What Kawhi's decision means for the Lakers, Raptors, and Clippers

Jul 7, 2019
ILLUSTRATION: Echo Antonio

Hoops fans were left shaken on Saturday when it was reported that Kawhi Leonard would join the Los Angeles Clippers — and he'd team up with Paul George no less whom the LAC acquired via trade with Oklahoma City Thunder.

News of the two-time champion’s final choice broke out just moments before it was confirmed that the Oklahoma City Thunder would get Shai Gilgeous-Alexander, Danilo Gallinari, four unprotected first-round picks, one protected first-round pick and two pick swaps for the relocating George. Meanwhile, Leonard would sign a four-year, $142-million max contract.

NBA players were left stunned by the league-altering move:

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The basketball world has been waiting for Leonard to pick a team. Fresh off a title with the Toronto Raptors, the two-time Finals MVP and Defensive Player of the Year entered free agency with the power to choose where he wants to play for the first time in his career. The Klaw comes home to California, although not as a part of the more popular team there.

Leonard’s move to the Clippers supposedly restores the balance in the NBA a la Thanos' infamous snap, but it actually has bigger implications for the rest of the league, particularly the frontrunners in the much-dissected Kawhi sweepstakes. Where do the Lakers, Clippers, Raptors, and the other teams go from here?

What it means for the Lakers

Don't expect to LeBron James and Anthony Davis to sit in a corner and cry after missing out on Leonard. Believe it or not, this could be a good thing for the Purple and Gold. The max cap space (around $32 million) allows the team to surround the superstar pairing with a solid supporting cast, rather than a bunch of scrubs.

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And they quickly moved on doing exactly that. Danny Green just announced that he would sign a two-year, $30-million deal with the Lakers. Kentavious Caldwell-Pope would also return on a two-year $16-million deal. ESPN's Ramona Shelburne, meanwhile, tweeted late Saturday afternoon that JaVale McGee has also accepted a two-year $8.2-million deal to be with Lebron and Co.

Two more key additions were DeMarcus Cousins, who agreed to a $3.5-million, one-year deal and Rajon Rondo, who accepted a two-year deal that'll pay him $2.6 million in 2019-20 with a player option for the second year.

Don’t get us wrong: Los Angeles still belongs to the Lakers with their 16 World Championships. Landing Leonard and George, though, gives the Clippers a sense of legitimacy that the ex-Lob City lacked in years past and closes the gap between them and their glitzy crosstown rival.

Now that the Battle of Los Angeles is finally on, load-managing LeBron in his 17th season is likely out of the question. And you can bet the Lakers will make a stand now with the competitive team they've got.

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What it means for the Raptors

No hard feelings for the Raptors, who are still the reigning champions even with Leonard's departure. Team president Masai Ujiri put the franchise in the best position to adapt, regardless of what Kawhi would do. With Leonard back in the West, Toronto will remain in the thick of the fight in the wide-open East against the reloaded Sixers and Bucks, not to mention the new-look Boston Celtics and Brooklyn Nets.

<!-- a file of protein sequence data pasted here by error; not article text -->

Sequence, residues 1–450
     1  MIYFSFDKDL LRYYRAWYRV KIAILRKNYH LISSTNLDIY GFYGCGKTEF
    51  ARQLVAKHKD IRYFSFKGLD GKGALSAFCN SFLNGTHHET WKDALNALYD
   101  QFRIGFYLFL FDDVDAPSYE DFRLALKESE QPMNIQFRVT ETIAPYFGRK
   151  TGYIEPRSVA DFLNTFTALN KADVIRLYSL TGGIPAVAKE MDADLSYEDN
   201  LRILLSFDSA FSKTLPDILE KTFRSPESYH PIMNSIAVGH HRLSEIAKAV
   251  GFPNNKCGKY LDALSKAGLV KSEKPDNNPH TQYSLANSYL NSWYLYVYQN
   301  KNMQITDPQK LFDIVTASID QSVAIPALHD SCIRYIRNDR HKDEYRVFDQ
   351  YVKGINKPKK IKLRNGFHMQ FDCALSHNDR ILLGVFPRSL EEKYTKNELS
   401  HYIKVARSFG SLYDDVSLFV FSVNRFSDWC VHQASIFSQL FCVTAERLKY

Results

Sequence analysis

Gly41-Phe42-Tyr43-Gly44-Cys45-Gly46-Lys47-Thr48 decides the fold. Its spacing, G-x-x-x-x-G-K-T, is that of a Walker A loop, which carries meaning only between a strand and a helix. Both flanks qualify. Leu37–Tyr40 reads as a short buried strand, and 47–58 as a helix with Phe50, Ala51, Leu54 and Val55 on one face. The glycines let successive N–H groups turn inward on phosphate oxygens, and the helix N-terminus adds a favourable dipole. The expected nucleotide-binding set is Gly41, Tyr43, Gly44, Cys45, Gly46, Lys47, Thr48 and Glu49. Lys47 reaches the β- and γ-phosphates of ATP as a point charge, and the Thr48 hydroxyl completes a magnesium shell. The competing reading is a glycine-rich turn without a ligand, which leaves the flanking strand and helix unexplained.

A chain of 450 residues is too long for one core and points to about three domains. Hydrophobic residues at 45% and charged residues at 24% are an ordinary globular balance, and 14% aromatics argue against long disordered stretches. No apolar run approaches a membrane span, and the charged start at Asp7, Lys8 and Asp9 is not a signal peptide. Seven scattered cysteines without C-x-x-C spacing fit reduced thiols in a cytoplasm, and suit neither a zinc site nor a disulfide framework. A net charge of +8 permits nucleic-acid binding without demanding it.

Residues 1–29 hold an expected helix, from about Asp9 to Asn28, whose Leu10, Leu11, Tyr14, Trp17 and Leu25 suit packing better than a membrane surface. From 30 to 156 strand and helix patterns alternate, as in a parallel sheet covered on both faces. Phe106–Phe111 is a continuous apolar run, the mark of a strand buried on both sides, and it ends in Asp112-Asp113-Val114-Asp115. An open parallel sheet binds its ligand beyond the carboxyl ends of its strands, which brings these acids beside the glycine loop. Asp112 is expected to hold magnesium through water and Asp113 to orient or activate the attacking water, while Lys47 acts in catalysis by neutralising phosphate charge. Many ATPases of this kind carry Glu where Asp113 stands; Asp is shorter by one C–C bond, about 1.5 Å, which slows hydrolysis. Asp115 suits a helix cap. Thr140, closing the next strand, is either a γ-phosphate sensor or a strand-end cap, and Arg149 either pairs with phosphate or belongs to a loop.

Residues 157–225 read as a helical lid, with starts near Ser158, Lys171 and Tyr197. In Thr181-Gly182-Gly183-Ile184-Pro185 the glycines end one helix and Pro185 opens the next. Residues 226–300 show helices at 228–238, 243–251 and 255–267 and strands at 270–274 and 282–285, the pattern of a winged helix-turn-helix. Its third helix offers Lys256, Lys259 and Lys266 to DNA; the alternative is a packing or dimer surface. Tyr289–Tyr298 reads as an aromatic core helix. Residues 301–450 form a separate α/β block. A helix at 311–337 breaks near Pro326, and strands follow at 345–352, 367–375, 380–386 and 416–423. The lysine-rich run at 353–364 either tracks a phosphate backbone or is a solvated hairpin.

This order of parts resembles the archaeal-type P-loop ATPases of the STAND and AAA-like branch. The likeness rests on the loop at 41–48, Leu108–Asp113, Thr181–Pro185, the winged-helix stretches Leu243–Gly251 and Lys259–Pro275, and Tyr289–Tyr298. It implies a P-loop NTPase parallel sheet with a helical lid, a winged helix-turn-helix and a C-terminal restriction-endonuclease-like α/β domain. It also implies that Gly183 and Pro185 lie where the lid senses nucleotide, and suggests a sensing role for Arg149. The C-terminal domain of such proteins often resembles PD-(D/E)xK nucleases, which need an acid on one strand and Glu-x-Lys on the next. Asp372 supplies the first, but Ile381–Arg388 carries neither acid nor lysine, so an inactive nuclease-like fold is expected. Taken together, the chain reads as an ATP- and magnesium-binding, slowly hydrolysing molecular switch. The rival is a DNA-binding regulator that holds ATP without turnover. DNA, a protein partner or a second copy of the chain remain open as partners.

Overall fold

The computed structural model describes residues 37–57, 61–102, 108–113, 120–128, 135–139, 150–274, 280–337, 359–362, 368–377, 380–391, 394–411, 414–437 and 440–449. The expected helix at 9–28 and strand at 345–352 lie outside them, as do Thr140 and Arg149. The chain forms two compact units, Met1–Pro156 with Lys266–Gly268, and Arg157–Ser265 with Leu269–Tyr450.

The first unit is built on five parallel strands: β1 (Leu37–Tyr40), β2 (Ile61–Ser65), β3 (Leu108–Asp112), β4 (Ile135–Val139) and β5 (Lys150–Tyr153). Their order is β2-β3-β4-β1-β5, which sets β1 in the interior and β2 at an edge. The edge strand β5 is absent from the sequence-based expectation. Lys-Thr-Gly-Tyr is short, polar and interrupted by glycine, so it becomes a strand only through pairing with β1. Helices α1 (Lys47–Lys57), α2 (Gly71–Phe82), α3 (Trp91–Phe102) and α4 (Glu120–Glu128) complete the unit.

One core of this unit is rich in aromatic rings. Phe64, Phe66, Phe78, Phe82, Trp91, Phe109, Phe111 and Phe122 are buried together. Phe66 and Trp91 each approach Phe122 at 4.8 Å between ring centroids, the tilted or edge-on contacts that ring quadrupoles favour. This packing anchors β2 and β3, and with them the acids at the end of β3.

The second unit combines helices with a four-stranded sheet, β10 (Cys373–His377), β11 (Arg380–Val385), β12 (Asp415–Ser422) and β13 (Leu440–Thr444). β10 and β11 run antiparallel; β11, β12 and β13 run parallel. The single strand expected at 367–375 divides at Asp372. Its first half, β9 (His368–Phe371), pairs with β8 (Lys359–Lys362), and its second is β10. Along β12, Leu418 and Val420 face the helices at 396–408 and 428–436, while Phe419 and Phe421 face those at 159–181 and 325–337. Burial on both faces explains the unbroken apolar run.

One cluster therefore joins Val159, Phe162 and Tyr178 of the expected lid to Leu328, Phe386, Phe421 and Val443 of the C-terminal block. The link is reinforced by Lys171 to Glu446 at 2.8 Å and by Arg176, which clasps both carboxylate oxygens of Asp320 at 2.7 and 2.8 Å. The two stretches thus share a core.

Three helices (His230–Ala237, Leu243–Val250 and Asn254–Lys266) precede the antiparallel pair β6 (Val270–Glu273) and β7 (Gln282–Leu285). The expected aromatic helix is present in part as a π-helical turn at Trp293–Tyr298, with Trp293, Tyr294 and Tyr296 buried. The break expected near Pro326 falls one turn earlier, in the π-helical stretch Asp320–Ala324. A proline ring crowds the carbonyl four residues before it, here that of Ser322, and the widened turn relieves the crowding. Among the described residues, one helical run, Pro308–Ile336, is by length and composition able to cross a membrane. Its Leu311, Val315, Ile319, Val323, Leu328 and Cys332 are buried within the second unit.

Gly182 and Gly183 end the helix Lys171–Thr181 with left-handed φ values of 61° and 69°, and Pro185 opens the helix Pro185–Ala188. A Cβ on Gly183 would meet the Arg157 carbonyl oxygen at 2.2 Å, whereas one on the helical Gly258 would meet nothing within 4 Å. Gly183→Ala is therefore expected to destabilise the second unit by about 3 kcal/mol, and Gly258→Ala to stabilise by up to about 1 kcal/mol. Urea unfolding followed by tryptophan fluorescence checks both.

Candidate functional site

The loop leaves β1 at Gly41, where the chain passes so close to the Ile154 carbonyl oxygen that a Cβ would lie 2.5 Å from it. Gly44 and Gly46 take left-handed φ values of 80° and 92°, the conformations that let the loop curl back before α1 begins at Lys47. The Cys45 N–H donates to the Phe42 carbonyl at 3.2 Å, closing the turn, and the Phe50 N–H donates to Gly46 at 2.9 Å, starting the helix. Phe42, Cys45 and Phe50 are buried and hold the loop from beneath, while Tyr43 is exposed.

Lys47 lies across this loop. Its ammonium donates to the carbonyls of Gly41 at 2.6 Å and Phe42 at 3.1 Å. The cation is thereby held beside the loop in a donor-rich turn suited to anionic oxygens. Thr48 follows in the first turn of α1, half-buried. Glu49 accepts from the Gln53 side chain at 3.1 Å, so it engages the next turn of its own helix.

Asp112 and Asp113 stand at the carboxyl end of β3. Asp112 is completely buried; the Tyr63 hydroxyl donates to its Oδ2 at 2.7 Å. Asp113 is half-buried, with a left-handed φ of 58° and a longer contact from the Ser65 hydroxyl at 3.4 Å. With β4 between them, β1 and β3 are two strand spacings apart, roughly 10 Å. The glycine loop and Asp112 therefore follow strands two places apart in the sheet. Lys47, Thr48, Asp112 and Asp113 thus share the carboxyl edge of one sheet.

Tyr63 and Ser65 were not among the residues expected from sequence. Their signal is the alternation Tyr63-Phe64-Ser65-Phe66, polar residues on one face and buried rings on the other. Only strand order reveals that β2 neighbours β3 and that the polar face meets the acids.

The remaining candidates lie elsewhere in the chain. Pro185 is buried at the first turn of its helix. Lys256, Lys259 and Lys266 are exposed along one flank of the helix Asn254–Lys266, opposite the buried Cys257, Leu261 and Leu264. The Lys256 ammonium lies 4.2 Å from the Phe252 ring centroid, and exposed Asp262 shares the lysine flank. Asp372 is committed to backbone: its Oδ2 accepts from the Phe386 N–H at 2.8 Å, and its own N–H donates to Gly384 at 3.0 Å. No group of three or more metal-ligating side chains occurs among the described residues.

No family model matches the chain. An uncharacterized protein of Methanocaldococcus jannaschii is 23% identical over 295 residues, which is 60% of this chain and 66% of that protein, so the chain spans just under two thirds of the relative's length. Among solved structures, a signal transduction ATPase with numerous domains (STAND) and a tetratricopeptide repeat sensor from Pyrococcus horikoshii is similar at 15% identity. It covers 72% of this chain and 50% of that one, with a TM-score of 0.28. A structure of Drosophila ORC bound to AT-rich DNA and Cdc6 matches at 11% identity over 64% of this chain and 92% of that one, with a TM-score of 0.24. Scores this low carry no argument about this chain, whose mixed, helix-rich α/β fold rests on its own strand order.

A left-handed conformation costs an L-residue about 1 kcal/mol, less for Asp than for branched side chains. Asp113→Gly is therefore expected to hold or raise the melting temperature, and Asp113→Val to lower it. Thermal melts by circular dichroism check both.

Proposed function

Coach Nick Nurse, Kyle Lowry, Marc Gasol, and Serge Ibaka can still run it back and defend their title, alongside whoever fills the void left by Leonard and Green. If the Raptors choose to blow it up, they will still have the foundational pieces for a rebuild in Pascal Siakam, Fred VanVleet, and OG Anunoby. They can then flip their veterans to aspiring contenders that need championship experience for more assets and young talent. That's the beauty of Ujiri's deft wheeling and dealing. This flexibility allows them to stay in the hunt for a Playoff berth at the very least.

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What it means for the Clippers

Give it up for Jerry West, everyone. The organization has been on a roll since naming the Laker legend executive board member and special consultant. After decades of being the whipping boys of Los Angeles, the Clippers are now poised to steal the spotlight from their Hollywood counterparts. It’s scary to think that they just pushed the Warriors with Kevin Durant in last season's playoffs, and are now adding healthy versions of Leonard and George to an ultra-hardworking crew.

Good luck scoring against the inside-outside combo of Patrick Beverley and Montrezl Harrell, while Kawhi and PG patrol the wings. The two MVP-caliber forwards also gave the team a massive upgrade on the other end of the floor, sharing the scoring load with Sixth Man of the Year Lou Williams and Landry Shamet. The future is indeed now for these reloaded Clippers — and everyone should be excited about how crazy good they can be.

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What it means for the rest of the NBA

Russell Westbrook must be shaking his head right now. Is he about to average a 50-point triple-double and not make the playoffs next season, or get shipped to a desperate team like the New York Knicks or the Phoenix Suns? Which opponent will be the best Christmas Day matchup for the Clippers: Lakers, Raptors, Thunder, or Spurs? Who will reign supreme in the five-cornered hostilities that feature Joel Embiid-Ben Simmons vs. Giannis Antetokounmpo-Khris Middleton vs. Kemba Walker-Jayson Tatum vs. Spicy P-Kyle Lowry vs Kyrie Irving and the Nets to rule the East?

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ILLUSTRATION: Echo Antonio
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